Even worse in a two-Hero game, the Heroes only need to activate two of the three requirements on each Tactics cards. (The exception is Neck Slash or Eradication, which specifically require the Titan in the Kill Zone and a Hero on Level 8.) One card when activated immediately puts the Titan in the Kill Zone. If that card is the one revealed at the beginning of the game and one of the game-winning cards is the second, the Heroes can easily take this thirty-minute game and end in it in two rounds. Think that won’t happen? Select Armin at the start of the game. He can get any specific Tactics card for one shield instead of just moving on to the next card. Considering you can reroll as many times as you like, it is unlikely that Armin will end his turn without a shield. Perhaps characters should be chosen randomly to prevent Armin from being drafted every game.
I’ve never played with a larger group, so I can’t give my own personal experiences in how the game changes. But judging from other reviews, this seemed to be a common criticism. The cooperative board game Pandemic is easier in my opinion with a larger team since the hand limit becomes less of a factor. Here, it’s the opposite. With three or four players rolling the dice, the risk of getting five Titan faces is much higher, and the Titan’s ultimate ability can be a lot harder to manage. Destructive and Voracious Titans remove 2 cannons and 4 citizens respectively. That’s 1/3 of the starting set, so a team can’t let this happen three times without activating some type of Tactics card — which, because of the larger group, has to have three requirements to activate instead of any two.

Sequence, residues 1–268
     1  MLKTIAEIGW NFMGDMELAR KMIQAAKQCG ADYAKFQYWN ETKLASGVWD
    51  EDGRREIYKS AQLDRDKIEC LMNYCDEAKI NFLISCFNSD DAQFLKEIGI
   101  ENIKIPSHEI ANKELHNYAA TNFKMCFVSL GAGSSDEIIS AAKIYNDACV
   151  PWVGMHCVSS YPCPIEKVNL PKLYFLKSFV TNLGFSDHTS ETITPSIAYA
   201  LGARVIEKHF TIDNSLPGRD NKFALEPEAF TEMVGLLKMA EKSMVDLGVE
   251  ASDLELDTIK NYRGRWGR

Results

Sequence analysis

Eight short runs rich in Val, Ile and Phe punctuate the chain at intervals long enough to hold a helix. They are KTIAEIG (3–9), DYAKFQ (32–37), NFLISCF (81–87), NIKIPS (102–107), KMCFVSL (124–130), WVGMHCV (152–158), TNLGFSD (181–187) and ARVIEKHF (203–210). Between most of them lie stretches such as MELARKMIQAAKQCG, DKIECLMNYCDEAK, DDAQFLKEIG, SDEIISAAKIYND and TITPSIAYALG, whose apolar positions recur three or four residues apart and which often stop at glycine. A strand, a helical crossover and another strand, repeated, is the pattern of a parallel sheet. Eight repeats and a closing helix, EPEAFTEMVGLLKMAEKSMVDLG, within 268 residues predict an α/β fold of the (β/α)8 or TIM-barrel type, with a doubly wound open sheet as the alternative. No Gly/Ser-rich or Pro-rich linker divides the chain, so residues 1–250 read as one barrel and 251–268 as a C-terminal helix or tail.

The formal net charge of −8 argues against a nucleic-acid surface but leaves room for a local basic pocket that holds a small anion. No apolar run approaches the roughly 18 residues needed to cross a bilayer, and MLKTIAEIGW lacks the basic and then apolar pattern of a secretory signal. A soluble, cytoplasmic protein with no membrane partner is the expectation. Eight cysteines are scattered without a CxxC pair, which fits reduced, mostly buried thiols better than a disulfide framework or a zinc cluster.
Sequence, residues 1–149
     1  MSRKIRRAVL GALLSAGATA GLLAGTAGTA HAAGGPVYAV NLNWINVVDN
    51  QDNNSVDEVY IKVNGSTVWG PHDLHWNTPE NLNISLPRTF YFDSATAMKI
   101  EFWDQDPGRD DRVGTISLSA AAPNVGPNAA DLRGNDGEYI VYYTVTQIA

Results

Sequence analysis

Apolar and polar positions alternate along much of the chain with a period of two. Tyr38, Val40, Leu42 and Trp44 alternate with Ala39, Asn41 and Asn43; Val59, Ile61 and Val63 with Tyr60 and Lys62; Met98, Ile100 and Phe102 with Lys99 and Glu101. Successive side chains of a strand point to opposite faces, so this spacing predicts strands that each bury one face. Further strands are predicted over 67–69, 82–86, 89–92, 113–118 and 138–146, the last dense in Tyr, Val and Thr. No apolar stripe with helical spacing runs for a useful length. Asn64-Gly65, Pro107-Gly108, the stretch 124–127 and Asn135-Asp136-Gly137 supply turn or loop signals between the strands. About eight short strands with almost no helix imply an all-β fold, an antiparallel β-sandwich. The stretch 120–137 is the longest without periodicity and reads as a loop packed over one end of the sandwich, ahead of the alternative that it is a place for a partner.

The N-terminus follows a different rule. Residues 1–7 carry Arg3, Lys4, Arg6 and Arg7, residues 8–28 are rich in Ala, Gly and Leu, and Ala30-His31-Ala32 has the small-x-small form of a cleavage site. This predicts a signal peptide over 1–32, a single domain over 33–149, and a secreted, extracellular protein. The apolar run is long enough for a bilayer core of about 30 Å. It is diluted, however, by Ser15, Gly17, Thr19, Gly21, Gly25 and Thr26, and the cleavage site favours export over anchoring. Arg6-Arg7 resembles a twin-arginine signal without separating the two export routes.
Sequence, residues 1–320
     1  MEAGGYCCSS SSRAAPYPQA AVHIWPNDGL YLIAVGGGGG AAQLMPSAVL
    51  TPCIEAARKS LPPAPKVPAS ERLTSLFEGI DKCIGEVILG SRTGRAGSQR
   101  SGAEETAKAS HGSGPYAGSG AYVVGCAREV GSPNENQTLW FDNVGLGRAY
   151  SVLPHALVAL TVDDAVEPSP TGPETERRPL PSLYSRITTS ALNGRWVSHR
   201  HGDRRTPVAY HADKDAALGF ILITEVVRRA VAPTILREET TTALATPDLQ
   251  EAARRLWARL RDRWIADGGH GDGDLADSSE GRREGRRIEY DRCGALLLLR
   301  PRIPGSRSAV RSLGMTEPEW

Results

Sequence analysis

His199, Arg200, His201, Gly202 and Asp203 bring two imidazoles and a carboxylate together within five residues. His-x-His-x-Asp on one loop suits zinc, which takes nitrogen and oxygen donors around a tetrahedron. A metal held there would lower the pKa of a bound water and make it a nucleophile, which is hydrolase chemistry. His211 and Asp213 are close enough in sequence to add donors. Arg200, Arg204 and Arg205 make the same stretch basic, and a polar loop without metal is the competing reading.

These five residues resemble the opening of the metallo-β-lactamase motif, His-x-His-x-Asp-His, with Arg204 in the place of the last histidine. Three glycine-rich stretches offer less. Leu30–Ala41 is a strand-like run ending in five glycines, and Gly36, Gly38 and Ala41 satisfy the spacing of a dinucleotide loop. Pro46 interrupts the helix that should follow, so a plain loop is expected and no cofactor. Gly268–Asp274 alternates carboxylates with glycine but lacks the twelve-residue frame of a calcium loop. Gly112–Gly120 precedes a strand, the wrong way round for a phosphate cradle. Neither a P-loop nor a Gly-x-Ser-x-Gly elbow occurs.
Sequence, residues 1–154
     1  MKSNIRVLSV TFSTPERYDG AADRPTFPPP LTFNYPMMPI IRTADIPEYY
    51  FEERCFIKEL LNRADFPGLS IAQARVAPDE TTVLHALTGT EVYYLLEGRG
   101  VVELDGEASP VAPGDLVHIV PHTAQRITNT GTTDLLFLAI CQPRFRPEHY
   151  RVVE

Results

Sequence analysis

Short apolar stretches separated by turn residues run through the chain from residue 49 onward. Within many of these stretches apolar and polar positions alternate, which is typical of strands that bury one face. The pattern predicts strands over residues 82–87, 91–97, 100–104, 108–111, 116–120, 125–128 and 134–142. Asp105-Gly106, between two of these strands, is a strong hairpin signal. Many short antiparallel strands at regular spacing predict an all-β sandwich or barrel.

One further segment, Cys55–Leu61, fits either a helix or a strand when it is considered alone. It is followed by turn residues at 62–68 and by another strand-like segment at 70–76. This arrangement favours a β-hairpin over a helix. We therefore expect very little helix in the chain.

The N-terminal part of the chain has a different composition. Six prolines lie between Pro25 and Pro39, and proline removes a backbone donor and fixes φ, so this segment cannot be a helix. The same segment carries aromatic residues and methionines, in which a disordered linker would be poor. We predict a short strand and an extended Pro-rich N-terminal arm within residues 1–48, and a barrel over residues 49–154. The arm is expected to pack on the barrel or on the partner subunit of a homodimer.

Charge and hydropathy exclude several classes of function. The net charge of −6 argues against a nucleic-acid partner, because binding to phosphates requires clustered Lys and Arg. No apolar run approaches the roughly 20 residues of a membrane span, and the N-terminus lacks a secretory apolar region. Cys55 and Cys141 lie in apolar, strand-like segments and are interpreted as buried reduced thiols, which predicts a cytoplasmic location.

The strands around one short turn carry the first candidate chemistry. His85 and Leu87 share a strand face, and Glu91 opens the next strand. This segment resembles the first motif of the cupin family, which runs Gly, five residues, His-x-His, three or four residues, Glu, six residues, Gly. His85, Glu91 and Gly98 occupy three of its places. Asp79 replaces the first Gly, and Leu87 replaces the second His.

It also seems possible for the Heroes to turtle for long periods of time, especially with the Basic Titan. While this is annoying for all players, it is possible considering there are only two types of costs to avoid the Titan’s Action Cards. It’s either two hooks from a player who would be affected or shields equal to the number of Heroes for the entire team. The Titan’s deck, after the first round, only has five cards available, and one is face up on the table. Plus a couple might not be an issue for a round depending on what Levels the Heroes are on. Again, in a larger group, it is more likely that the Heroes are spread out so that the Titan player isn’t just playing useless cards that won’t affect anyone. I’m not saying that the Heroes should lose, say, 75% of the time like in many co-ops, but The Last Stand should be more 50-50 at all player counts. It is short enough that you will likely have time to let someone else be the Titan instead of just playing one-and-done , but the fact that players can roll one die at time does add some play time. I didn’t notice any huge difficulty spikes between the Titans minus the easy-level Basic.
I also found out while gathering information that there was a rule either added later or missed in the English version (at least the first printing): the Titan cannot use its ultimate ability if it’s in the Kill Zone or the Weak Zone (the four spaces before the Kill Zone). Like, holy cow, how is the Titan player supposed to win?! I mean, I wondered why the third ability was in yellow and why there was a Weak Zone, but seriously? If this was a mistake, how was it missed? I didn’t even see this noted on the official game website as to whether this is supposed to be a rule or not. I think only one time I played did the Titan manage to get five Titans, so it didn’t change my played games dramatically, but still. I think I’d house rule allowing the Titan player to use the third ability in the Weak and Kill Zones in a two-Hero game.
On the bright side, as I mentioned, this game looks cool, and it does have an Attack on Titan feel to it thanks to the giant on the table and the Heroes jumping from Level to Level. It’s definitely something I don’t think non-fans will “get”, as strategy-heavy players will want something with more meat and casual gamers would rather play a Monopoly version of their favorite series or interest. It will probably attract some attention though thanks to its pop-up design.
Attack on Titan: The Last Stand does look cool on a table despite its assembly problems. However, I won’t be playing this much since I never play with four or five people, and it felt like the Titan was just stalling the inevitable. Perhaps someone will come up with a pure co-op game like Castle Panic for Attack on Titan for those of us who play by ourselves or with 1-2 other people.